- Author: Ben Faber
ACP/HLB Grower Liaison
Ventura, Santa Barbara and San Luis Obispo Counties
Reminder of 2019 Fall ACP Area Wide Management Schedule
September 8 - 21: Carpinteria, Summerland, Montecito
September 15 - 28: Santa Barbara, Goleta, and the rest of the county
Here is the University of California website on ACP monitoring techniques and management recommendations: ucanr.edu/sites/ACP/Grower_Options/Grower_Management/
If you are restricted in your choice of materials, applications of horticultural oil can be effective.
Remember to notify beekeepers in your area before treating by contacting the County Ag Department at 805 681-5600. Get additional information about the new on-line bee registration and notification system BeeWhere at beewherecalifornia.com .
ACP continues to be difficult to find in the field. This is a good thing, and we want to keep it that way, so please keep up the good work by continuing to monitor your trees and participate in the Area Wide Management Program.
Remember, difficulty finding ACP does not mean it is not present in the orchard, or not in surrounding residential citrus. The fact that ACP adults continue to show up in yellow sticky traps throughout the south county is a reminder of this.
Secretary Ross Visits Santa Barbara County
CDFA Secretary Karen Ross visited Santa Barbara County last month to hear first hand how neighboring cannabis operations are impacting existing agriculture. Several citrus growers, PCAs, applicators, and I had the honor of speaking with Secretary Ross, along with representatives from the governor's office, CDFA, and the county agricultural commissioner's office.
The most recent map and totals for all HLB detections in the state are posted at the website maps.cdfa.ca.gov/WeeklyACPMaps/HLBWeb/HLB_Treatments.pdf. As of August 2, a total of 1,534 trees and 256 ACP have tested positive for the HLB bacterium, on a total of 1,110 sites, all still in LA, Orange, and Riverside Counties. To date, all HLB detections have been on residential properties, the infected trees have been or are being removed, and ACP treatments applied on a recurring basis to remaining citrus in those areas. No HLB has been found in commercial groves.
Voluntary Best Practices for HLB protection
As HLB detections increase and spread, it's important to be aware of possible actions you could take to further protect your citrus should an HLB detection occur in your area. These Voluntary Best Practices can be found at the Citrus Insider website HERE.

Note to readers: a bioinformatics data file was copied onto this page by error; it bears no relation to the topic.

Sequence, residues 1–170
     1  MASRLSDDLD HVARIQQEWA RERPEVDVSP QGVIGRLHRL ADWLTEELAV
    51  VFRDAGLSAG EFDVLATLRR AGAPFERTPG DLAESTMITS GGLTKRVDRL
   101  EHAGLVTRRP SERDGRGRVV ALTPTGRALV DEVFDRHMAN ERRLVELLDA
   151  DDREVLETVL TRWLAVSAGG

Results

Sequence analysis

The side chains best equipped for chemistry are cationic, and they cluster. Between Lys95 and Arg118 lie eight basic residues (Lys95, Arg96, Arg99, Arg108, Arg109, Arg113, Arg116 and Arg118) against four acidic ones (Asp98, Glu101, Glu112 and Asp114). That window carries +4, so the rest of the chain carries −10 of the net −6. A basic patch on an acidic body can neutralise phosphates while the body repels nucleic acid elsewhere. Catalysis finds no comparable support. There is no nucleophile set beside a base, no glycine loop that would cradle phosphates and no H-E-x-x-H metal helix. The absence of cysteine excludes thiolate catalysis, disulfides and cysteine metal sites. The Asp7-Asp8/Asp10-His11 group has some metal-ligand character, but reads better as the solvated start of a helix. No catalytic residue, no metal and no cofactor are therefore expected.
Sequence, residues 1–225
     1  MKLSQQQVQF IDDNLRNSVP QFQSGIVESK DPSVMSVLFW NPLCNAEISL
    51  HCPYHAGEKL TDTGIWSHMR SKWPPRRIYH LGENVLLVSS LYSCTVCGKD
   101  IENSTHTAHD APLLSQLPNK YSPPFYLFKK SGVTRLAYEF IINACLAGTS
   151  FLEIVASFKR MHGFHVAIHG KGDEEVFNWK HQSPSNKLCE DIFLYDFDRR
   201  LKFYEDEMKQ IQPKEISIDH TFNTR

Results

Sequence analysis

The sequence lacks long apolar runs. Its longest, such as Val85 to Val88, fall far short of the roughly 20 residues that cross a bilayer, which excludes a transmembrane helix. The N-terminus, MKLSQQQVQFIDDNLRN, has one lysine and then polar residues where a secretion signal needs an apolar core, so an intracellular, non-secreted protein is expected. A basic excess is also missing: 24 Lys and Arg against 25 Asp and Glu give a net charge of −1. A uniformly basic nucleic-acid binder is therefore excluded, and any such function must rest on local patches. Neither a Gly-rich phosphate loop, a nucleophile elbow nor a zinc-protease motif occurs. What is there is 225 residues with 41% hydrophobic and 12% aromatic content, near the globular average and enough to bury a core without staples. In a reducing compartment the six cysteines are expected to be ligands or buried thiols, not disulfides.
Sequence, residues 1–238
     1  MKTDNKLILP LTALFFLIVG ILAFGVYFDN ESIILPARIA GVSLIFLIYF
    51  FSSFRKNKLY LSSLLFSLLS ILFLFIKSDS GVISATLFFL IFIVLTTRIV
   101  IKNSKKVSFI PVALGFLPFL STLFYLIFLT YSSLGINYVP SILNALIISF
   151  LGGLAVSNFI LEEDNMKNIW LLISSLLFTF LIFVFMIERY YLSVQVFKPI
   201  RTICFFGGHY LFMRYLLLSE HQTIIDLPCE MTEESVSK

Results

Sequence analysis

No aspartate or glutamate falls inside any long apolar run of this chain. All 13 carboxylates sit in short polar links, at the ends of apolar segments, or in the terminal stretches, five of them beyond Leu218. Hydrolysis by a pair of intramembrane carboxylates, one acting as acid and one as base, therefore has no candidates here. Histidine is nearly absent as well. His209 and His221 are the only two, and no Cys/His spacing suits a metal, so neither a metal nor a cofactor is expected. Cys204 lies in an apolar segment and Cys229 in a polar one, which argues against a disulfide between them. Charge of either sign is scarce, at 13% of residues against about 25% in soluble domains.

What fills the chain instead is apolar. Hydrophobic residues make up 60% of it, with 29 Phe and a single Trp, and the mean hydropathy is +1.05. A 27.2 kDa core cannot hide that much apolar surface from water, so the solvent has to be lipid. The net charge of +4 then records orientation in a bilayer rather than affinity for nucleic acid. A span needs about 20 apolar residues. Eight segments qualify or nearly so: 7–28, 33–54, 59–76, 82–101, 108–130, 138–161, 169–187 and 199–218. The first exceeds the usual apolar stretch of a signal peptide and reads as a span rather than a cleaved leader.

Regulatory responses required by the state in response to an HLB detection are described in CDFA's Action Plan for ACP and HLB .
UPCOMING CPDPC MEETINGS -- All meeting agendas and eventually the minutes are posted at www.cdfa.ca.gov/citruscommittee/ . All meetings are free and open to the public, and accessible via phone/webinar.
- Operations and Outreach Subcommittees meeting date has changed to Wed, Aug 21. Outreach agenda is here, Operations Agenda is pending.
Additional Useful Links:
Summaries of the latest scientific research on combating HLB: ucanr.edu/sites/scienceforcitrushealth/
Science-based analyses to guide policy decisions, logistics, and operations: www.datoc.us
General updates and information on the state ACP/HLB program and regional activities: citrusinsider.org
- Author: Jeannette E. Warnert
A tell-tale sign of spring in California is a flush of new leaf growth on citrus trees. Because the feathery light green leaves are particularly attractive to Asian citrus psyllids (ACP), the leaves' emergence marks a critical time to determine whether the pest has infested trees.
“We encourage home citrus growers and farmers to go out with a magnifying glass or hand lens and look closely at the new growth,” said Beth Grafton-Cardwell, UC Agriculture and Natural Resources (UC ANR) citrus entomologist. “Look for the various stages of the psyllid – small yellow eggs, sesame-seed sized yellow ACP young with curly white tubules, or aphid-like adults that perch with their hind quarters angled up.”